Economy passengers can usually only dream of larger seats and increased legroom, but this may become a reality in the US, thanks to a review of plane safety rules. The Federal Aviation Administration is planning to conduct 12 days of evacuation testing in November with 720 volunteers, to work out how easily passengers could exit an aircraft in an emergency.
During the testing, it will see if the current seat sizes comply with plane evacuation requirements. In the course of a hearing with the House Transportation and Infrastructure Subcommittee on Aviation, it was argued that the heights, weights and physical disabilities of passengers should be considered when it comes to redesigning airplanes to make them safer.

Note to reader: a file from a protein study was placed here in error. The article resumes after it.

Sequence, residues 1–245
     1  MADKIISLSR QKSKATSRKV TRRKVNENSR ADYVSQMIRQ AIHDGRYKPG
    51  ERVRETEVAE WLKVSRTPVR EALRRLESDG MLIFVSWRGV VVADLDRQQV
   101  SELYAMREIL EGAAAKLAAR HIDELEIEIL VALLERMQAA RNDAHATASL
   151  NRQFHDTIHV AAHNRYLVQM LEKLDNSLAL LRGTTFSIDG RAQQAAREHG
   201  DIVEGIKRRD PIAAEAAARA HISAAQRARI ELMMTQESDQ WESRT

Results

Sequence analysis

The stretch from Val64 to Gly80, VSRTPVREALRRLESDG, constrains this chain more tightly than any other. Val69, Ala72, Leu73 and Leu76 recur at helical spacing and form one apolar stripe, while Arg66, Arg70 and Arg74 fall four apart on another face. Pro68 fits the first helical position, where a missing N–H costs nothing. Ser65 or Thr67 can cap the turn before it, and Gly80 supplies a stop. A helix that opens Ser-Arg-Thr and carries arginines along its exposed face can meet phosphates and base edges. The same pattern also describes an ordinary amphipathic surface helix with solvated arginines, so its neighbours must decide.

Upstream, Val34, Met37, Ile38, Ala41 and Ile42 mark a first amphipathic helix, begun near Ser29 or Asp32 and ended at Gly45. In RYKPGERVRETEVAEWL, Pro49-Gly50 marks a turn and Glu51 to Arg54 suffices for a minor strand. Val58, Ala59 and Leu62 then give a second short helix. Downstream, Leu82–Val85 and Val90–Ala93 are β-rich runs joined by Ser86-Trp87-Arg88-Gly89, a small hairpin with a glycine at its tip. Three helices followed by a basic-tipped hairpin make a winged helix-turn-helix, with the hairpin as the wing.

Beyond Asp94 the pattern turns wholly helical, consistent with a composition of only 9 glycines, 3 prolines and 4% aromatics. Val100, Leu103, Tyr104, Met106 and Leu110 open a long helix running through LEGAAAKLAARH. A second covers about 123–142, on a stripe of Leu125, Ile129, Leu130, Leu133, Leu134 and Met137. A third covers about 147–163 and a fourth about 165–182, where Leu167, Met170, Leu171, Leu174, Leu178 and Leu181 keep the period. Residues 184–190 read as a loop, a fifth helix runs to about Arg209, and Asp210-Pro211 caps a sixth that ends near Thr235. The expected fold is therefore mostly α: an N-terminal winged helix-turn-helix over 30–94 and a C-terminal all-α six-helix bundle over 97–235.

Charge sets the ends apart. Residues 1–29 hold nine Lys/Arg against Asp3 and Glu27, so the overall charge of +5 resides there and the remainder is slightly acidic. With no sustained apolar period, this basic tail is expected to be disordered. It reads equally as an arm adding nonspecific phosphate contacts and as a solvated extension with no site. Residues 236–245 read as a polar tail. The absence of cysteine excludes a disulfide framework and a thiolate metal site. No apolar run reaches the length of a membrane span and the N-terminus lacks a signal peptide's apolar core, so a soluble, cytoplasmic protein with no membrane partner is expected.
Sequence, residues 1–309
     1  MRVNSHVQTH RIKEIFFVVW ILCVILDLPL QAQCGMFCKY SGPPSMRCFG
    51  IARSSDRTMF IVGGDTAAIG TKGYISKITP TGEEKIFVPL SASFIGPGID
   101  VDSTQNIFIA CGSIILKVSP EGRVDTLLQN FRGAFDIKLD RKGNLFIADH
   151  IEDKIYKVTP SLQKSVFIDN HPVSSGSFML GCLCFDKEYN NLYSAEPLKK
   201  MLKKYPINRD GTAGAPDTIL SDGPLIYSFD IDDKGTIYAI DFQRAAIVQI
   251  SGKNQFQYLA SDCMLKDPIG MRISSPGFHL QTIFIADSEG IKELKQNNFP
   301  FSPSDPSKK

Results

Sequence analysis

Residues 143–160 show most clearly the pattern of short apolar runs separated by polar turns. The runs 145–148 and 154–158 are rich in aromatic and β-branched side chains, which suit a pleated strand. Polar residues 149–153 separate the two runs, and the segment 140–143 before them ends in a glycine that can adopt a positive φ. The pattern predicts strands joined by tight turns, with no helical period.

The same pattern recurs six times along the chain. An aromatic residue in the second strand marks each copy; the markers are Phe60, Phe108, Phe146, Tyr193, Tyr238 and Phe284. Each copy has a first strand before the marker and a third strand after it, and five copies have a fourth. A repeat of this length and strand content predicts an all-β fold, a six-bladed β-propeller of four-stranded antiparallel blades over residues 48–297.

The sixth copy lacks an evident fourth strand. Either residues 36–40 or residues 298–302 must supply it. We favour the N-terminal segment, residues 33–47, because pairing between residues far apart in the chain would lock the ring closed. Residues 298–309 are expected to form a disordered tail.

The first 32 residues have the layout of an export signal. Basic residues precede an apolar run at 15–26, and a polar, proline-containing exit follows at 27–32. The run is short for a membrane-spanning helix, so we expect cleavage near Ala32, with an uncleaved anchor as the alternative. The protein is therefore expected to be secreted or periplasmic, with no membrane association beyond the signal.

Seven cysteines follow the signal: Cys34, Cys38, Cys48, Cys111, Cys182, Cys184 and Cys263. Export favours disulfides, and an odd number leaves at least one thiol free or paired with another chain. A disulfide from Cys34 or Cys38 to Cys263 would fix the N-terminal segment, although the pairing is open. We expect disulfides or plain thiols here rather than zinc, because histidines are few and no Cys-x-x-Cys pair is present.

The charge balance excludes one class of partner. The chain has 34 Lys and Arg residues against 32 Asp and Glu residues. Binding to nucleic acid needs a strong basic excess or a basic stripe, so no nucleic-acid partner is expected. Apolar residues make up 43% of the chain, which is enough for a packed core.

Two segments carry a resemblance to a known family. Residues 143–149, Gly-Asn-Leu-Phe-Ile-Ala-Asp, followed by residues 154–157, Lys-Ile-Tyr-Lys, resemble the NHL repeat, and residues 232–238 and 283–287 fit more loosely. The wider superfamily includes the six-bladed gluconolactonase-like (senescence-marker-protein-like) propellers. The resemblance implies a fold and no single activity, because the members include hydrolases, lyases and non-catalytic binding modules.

The November simulations will mimic real-world scenarios, so they will take place in a dark environment and half of the plane's exits will be blocked. At present, airlines must be able to evacuate passengers within 90 seconds but there are not set requirements on seat size. "Americans are getting bigger, so seat size is important, but it's got to be looked at in the context of safety," said FAA deputy administrator, Dan Elwell. “Later this year we’re going to establish the necessary seat pitch and width length based on safety."
Seat sizes and pitch varies across airlines and aircraft, and there has even been talk from some airlines of introducing seats where passengers stand upright. If a minimum seat pitch is introduced as a result of the testing, it will be great news for economy passengers as it will make journeys more comfortable.